This is what you are quoting
How does it work?
Flames emits light and heat, so it seems impossible to make black fire. However, you actually can make black fire by controlling the wavelengths of absorbed and emitted light.
The low-pressure sodium lamp has the same spectral signature as the sodium-tinted flame. When you add sodium (from salt) to the flame, the sodium atoms absorb the light from the lamp because it’s exactly the energy they need. What happens when you absorb all the light? You see black.
Now to your question
I am wondering if out there in the universe there is a similar condition whereby a star mimic the sodium lamp and a planet can have black lightning storm?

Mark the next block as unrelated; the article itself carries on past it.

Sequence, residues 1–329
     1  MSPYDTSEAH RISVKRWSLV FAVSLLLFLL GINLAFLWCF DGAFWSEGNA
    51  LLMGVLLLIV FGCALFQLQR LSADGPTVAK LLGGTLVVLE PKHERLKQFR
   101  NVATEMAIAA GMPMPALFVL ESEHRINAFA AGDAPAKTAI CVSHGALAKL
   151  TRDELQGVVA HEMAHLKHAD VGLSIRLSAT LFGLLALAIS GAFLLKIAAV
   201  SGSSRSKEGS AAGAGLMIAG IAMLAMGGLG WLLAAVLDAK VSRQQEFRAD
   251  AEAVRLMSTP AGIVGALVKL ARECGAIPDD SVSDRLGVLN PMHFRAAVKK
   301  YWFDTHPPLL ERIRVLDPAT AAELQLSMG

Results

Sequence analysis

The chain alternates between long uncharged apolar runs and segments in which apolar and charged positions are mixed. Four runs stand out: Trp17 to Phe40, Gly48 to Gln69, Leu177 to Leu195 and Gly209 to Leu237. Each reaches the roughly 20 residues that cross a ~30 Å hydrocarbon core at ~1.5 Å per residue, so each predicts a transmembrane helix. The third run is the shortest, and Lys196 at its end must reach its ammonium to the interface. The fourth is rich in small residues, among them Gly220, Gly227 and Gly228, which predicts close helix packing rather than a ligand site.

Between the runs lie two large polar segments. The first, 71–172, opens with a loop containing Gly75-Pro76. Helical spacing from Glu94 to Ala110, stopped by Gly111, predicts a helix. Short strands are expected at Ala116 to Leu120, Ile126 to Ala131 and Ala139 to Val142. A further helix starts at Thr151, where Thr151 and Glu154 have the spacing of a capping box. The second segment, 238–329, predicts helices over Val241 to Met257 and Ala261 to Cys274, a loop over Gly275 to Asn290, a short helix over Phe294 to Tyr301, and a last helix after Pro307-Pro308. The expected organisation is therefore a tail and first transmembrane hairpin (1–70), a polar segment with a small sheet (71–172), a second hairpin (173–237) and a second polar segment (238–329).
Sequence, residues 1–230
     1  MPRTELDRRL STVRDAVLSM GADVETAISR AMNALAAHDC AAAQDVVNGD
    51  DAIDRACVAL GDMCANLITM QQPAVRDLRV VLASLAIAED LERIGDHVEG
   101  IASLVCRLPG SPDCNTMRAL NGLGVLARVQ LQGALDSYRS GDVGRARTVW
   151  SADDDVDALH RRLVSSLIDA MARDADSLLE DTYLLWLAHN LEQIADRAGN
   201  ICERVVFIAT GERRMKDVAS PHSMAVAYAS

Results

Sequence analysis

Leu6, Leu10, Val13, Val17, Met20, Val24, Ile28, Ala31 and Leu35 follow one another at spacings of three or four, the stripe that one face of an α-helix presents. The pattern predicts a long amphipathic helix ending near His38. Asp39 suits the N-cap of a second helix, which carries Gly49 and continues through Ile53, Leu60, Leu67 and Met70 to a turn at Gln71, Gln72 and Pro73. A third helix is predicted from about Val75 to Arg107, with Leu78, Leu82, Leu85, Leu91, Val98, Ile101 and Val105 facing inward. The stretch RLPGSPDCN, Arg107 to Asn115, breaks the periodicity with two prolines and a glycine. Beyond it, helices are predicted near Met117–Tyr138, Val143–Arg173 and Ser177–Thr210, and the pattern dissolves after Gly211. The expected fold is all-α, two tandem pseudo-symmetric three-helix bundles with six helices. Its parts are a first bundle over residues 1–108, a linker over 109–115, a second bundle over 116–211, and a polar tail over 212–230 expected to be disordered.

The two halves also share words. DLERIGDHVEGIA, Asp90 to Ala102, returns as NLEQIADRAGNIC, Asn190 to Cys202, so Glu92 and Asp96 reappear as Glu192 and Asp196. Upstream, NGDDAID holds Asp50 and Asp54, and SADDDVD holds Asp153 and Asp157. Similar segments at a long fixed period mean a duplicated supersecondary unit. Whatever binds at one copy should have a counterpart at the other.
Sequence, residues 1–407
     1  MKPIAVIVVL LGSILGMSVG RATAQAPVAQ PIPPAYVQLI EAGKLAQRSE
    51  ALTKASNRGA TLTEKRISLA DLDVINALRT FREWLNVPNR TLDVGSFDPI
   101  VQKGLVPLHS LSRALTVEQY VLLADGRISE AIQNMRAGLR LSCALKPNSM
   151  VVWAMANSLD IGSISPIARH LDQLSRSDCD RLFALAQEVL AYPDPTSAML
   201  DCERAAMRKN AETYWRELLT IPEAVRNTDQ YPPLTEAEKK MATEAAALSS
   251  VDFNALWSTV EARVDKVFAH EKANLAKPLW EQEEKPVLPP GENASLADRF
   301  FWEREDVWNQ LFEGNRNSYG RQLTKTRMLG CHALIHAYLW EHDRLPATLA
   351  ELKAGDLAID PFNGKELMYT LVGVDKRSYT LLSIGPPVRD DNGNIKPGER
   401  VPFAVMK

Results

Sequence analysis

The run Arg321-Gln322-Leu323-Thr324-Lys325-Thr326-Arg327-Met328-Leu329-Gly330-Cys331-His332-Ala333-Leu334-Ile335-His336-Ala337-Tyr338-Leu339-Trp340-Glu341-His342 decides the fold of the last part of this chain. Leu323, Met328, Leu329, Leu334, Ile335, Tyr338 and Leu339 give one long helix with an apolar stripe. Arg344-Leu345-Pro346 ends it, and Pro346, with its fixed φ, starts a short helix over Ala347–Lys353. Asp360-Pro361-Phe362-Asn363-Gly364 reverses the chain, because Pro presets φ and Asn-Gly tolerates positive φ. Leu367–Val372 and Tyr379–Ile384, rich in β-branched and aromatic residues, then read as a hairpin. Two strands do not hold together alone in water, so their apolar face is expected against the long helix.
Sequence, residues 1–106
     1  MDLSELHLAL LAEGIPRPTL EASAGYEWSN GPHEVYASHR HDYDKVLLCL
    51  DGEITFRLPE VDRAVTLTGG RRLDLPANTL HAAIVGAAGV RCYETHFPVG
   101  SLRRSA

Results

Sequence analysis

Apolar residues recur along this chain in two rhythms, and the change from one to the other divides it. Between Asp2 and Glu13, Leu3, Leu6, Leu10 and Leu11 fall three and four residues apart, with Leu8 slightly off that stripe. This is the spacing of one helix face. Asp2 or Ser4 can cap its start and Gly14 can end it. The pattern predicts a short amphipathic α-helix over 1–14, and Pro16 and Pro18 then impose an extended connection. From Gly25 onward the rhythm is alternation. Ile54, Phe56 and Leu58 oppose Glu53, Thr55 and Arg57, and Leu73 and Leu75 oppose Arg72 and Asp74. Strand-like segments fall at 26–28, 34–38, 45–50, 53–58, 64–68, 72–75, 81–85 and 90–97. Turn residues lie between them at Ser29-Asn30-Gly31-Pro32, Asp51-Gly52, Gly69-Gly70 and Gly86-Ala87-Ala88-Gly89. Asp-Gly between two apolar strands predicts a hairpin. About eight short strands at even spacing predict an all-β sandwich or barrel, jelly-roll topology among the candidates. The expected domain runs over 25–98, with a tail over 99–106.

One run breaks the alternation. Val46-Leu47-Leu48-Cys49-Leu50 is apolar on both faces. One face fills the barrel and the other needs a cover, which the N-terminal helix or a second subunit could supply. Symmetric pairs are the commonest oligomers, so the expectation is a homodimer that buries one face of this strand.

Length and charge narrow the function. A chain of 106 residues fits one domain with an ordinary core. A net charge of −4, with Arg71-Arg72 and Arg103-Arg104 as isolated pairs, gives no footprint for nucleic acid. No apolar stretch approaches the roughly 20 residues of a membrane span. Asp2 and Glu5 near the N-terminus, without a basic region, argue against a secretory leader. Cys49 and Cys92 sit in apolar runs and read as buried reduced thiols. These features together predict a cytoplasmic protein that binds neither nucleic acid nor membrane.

The problem is that no star has a narrow emission spectrum as a sodium light. As a consequence you won't see the black lightning because there would be other frequencies which would not be absorbed (same reason why a sodium flame doesn't appear black under sunlight).
For comparison, this is the emission spectrum of a low pressure sodium lamp
while this is the solar spectrum (note the scale of the x axis)